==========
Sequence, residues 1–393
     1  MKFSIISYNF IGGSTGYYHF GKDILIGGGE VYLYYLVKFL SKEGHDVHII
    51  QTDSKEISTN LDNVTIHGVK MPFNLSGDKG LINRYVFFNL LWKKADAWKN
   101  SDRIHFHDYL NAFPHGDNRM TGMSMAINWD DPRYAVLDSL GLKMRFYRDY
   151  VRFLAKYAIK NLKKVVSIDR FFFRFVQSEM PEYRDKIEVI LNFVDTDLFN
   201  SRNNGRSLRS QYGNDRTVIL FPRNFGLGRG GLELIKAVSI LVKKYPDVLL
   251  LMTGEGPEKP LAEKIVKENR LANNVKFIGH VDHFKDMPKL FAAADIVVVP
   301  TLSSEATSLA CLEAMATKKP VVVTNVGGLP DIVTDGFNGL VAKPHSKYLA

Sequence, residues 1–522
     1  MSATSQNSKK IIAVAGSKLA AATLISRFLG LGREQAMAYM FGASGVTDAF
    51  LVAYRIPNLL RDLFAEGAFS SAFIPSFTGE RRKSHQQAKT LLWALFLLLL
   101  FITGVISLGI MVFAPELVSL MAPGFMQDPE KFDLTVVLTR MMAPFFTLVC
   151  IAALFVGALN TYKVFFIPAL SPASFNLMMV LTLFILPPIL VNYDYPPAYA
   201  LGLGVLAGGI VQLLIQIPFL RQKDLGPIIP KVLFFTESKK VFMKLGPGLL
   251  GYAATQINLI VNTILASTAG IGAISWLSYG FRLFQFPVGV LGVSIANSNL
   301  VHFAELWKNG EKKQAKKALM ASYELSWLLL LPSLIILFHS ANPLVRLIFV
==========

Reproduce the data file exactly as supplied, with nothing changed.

Sequence, residues 1–393
     1  MKFSIISYNF IGGSTGYYHF GKDILIGGGE VYLYYLVKFL SKEGHDVHII
    51  QTDSKEISTN LDNVTIHGVK MPFNLSGDKG LINRYVFFNL LWKKADAWKN
   101  SDRIHFHDYL NAFPHGDNRM TGMSMAINWD DPRYAVLDSL GLKMRFYRDY
   151  VRFLAKYAIK NLKKVVSIDR FFFRFVQSEM PEYRDKIEVI LNFVDTDLFN
   201  SRNNGRSLRS QYGNDRTVIL FPRNFGLGRG GLELIKAVSI LVKKYPDVLL
   251  LMTGEGPEKP LAEKIVKENR LANNVKFIGH VDHFKDMPKL FAAADIVVVP
   301  TLSSEATSLA CLEAMATKKP VVVTNVGGLP DIVTDGFNGL VAKPHSKYLA

Sequence, residues 1–522
     1  MSATSQNSKK IIAVAGSKLA AATLISRFLG LGREQAMAYM FGASGVTDAF
    51  LVAYRIPNLL RDLFAEGAFS SAFIPSFTGE RRKSHQQAKT LLWALFLLLL
   101  FITGVISLGI MVFAPELVSL MAPGFMQDPE KFDLTVVLTR MMAPFFTLVC
   151  IAALFVGALN TYKVFFIPAL SPASFNLMMV LTLFILPPIL VNYDYPPAYA
   201  LGLGVLAGGI VQLLIQIPFL RQKDLGPIIP KVLFFTESKK VFMKLGPGLL
   251  GYAATQINLI VNTILASTAG IGAISWLSYG FRLFQFPVGV LGVSIANSNL
   301  VHFAELWKNG EKKQAKKALM ASYELSWLLL LPSLIILFHS ANPLVRLIFV